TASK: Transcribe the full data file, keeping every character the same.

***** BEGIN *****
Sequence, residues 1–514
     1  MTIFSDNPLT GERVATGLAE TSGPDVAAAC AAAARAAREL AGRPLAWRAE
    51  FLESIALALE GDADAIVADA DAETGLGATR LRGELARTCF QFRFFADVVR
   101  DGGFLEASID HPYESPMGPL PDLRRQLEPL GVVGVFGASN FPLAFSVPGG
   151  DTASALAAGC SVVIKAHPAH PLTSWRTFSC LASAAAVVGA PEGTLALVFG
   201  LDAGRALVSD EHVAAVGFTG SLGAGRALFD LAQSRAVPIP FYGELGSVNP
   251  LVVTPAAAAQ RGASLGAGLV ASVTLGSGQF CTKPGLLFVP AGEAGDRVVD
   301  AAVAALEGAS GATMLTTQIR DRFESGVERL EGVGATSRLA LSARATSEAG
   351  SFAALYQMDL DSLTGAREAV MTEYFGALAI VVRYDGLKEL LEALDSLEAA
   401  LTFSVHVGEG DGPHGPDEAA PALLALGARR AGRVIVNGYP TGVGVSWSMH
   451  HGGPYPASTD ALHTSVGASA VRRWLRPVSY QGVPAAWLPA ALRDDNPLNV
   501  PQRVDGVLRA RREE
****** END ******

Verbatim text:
Sequence, residues 1–514
     1  MTIFSDNPLT GERVATGLAE TSGPDVAAAC AAAARAAREL AGRPLAWRAE
    51  FLESIALALE GDADAIVADA DAETGLGATR LRGELARTCF QFRFFADVVR
   101  DGGFLEASID HPYESPMGPL PDLRRQLEPL GVVGVFGASN FPLAFSVPGG
   151  DTASALAAGC SVVIKAHPAH PLTSWRTFSC LASAAAVVGA PEGTLALVFG
   201  LDAGRALVSD EHVAAVGFTG SLGAGRALFD LAQSRAVPIP FYGELGSVNP
   251  LVVTPAAAAQ RGASLGAGLV ASVTLGSGQF CTKPGLLFVP AGEAGDRVVD
   301  AAVAALEGAS GATMLTTQIR DRFESGVERL EGVGATSRLA LSARATSEAG
   351  SFAALYQMDL DSLTGAREAV MTEYFGALAI VVRYDGLKEL LEALDSLEAA
   401  LTFSVHVGEG DGPHGPDEAA PALLALGARR AGRVIVNGYP TGVGVSWSMH
   451  HGGPYPASTD ALHTSVGASA VRRWLRPVSY QGVPAAWLPA ALRDDNPLNV
   501  PQRVDGVLRA RREE